UK Multiplier Event Report – March 2017

An information and consultation event – 29th March 2017

In March, staff at the University of Gloucestershire hosted the first ever UK meeting  to promote ARTPAD (Achieving Resilience through Play and Drama) to the play, youth and education sector.  This ambitious 3-year project has researched how play and drama is used in schools and youth projects in 5 European partner countries to help develop resilience in young people (Hungary, Poland, UK, Germany and Austria).  The project has developed a best practice guide for leaders of settings and is currently producing a course for practitioners.  As the event was held after the first year of research, the project event enabled staff to share the key findings so far and in particular the core principles established through the project.  The staff also provided inspirational lectures in play and drama techniques and how these can impact on the work of teachers, youth workers and playworkers.  This gave rise to a useful networking and ideas sharing discussion amongst the group which was really helpful to those who attended.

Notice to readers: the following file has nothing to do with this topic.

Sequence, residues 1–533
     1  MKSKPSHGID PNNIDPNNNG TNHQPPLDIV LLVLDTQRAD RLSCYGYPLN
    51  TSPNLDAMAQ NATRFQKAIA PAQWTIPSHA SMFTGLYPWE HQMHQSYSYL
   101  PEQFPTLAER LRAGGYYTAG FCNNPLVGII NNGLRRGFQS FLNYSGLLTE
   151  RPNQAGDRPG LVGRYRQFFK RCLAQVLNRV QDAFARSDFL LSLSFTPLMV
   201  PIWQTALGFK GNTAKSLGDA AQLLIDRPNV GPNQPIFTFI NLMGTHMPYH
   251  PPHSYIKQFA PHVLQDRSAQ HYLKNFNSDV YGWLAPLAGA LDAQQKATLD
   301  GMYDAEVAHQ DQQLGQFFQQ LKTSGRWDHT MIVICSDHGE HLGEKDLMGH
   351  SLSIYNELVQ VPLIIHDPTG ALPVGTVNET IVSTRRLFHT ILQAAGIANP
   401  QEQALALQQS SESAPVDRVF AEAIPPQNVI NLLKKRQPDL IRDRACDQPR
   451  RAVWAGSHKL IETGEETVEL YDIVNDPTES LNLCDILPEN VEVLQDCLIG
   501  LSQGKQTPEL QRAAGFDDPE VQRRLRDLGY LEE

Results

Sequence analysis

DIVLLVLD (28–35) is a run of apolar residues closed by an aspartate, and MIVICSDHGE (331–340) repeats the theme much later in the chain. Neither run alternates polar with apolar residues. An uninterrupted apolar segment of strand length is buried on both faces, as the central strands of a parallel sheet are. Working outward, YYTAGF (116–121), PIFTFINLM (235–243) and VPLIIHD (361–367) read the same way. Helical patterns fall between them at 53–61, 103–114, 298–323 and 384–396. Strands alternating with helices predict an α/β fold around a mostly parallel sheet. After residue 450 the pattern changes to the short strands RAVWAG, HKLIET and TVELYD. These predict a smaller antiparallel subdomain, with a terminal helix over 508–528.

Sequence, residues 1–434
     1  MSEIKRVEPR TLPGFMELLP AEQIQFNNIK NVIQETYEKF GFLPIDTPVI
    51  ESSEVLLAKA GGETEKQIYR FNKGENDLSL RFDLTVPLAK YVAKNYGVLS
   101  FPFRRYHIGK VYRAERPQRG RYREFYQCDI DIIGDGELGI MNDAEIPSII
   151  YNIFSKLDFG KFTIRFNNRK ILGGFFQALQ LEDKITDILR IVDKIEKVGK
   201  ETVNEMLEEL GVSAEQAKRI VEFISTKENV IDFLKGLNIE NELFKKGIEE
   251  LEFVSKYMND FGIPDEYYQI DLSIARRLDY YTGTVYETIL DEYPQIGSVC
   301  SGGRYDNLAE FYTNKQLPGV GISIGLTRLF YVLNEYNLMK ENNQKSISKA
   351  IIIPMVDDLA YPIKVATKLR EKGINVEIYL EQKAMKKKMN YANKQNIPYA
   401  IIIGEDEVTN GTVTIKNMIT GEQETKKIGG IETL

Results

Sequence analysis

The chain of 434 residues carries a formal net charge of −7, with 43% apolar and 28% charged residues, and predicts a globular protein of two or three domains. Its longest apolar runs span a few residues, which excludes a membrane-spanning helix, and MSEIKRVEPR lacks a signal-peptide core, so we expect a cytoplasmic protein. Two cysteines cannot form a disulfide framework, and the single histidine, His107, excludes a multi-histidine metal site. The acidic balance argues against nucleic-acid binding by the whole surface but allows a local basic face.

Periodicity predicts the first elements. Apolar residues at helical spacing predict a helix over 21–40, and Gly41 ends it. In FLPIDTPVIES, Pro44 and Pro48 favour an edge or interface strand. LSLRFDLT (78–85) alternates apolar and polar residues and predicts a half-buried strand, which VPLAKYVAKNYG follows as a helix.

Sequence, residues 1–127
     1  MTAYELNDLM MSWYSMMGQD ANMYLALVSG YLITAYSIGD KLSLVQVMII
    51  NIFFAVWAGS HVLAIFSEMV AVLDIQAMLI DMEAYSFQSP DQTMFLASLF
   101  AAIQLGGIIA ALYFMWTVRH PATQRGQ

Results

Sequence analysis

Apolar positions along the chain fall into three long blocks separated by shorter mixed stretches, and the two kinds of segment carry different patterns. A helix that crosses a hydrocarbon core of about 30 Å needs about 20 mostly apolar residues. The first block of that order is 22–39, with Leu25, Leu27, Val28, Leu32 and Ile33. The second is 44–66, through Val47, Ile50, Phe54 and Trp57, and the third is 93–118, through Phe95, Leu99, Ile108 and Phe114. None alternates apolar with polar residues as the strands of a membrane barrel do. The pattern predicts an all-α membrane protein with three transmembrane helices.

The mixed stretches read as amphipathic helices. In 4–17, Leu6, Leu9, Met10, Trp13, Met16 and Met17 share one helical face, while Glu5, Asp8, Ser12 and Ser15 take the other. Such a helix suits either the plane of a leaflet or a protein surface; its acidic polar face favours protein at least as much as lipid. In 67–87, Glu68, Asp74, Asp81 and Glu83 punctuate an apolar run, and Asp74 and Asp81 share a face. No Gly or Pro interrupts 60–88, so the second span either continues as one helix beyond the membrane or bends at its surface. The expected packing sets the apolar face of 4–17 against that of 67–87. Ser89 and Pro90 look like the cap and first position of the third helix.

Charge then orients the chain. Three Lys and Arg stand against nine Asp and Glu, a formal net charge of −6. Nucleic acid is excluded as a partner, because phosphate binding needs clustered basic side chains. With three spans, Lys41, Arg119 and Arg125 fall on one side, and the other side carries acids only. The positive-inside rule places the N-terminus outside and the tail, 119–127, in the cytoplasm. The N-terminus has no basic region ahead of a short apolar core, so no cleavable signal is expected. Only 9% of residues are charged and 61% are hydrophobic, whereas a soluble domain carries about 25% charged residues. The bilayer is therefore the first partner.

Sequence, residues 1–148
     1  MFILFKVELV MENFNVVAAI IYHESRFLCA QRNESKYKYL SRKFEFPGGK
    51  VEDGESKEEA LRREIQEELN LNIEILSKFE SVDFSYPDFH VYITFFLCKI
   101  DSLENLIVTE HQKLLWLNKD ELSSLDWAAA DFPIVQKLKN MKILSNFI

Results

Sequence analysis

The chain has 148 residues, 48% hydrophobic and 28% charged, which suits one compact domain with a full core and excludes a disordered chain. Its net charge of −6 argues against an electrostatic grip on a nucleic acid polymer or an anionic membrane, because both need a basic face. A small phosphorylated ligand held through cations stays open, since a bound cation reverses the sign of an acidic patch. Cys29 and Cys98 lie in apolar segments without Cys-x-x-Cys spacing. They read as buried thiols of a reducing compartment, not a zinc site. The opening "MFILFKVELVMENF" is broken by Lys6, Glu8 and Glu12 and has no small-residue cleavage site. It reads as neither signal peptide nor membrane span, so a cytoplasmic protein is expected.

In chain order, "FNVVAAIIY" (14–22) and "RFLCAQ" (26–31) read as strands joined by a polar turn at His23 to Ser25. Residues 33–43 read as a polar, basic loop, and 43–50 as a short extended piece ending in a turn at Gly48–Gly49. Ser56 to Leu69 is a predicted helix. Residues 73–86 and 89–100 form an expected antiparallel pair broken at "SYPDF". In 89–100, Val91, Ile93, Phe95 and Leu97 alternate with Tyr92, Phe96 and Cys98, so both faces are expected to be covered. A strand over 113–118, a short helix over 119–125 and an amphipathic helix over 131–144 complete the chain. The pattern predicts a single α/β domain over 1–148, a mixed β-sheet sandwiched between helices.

Events such as this are a vital way to promote the work of organisations and a wonderful opportunity to further the impact a project can make by getting news of the work out to a wide audience.  The event was well supported by Head teachers and teachers, staff from local drama education services and Play Organisations and attendees who travelled from as far afield as Torbay and Birmingham to hear about the project.